As it stands now, electricity-, natural gas- and hydrogen-powered vehicles drive on the same roads as regular cars, but contribute to New Jersey’s transportation maintenance and improvement almost none at all.A bill (A3816) introduced Tuesday by state Assemblyman Tim Eustace (D-Bergen) aims to change that.
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It would take the sales tax revenue from those vehicles and then dedicate it solely to the soon-to-be-bankrupt Transportation Trust Fund.
The legislation comes as lawmakers seek new funding sources for the ailing Transportation Trust Fund, which is financed in large part by the motor fuels tax — a tax unchanged since 1988.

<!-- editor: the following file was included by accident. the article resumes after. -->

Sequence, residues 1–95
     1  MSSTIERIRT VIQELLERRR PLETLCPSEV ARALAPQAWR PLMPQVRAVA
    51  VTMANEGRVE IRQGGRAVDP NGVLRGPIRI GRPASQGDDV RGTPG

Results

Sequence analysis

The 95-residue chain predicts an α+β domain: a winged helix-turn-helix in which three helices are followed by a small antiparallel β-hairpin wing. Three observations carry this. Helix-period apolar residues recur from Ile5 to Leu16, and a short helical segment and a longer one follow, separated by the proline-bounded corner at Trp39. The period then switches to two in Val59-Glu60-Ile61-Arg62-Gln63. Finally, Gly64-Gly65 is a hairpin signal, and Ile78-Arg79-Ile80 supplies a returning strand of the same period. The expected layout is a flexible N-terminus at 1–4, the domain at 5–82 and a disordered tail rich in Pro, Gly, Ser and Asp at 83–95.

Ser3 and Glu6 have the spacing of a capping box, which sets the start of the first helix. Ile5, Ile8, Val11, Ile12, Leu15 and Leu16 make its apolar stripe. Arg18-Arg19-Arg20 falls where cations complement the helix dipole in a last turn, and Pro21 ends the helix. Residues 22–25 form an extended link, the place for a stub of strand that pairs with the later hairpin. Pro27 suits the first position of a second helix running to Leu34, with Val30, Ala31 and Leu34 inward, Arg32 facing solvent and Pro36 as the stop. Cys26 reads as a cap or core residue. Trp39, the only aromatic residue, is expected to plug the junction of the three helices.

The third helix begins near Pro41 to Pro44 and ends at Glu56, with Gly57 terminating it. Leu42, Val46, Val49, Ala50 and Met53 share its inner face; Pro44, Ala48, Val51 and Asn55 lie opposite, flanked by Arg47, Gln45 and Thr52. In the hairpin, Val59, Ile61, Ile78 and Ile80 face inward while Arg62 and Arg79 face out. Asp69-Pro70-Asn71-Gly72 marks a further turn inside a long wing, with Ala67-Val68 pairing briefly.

RELATED: Gas tax is tough sell and wouldn’t necessarily pay all of the bills
Last year, State Sen. Jim Whelan (D-Atlantic) proposed a bill (S2531) that would have charged drivers of alternative-fuel cars based on the amount of miles traveled — up to the cost of the state’s 10.5-cents-per-gallon motor fuel tax.
The bill also intended to replenish the Transportation Trust Fund, but it died in committee.
Alternative-fuel vehicles make up less than 5 percent of New Jersey’s vehicles. However, there are expectations — and lofty goals — that by 2025 the figure will be 15 percent.
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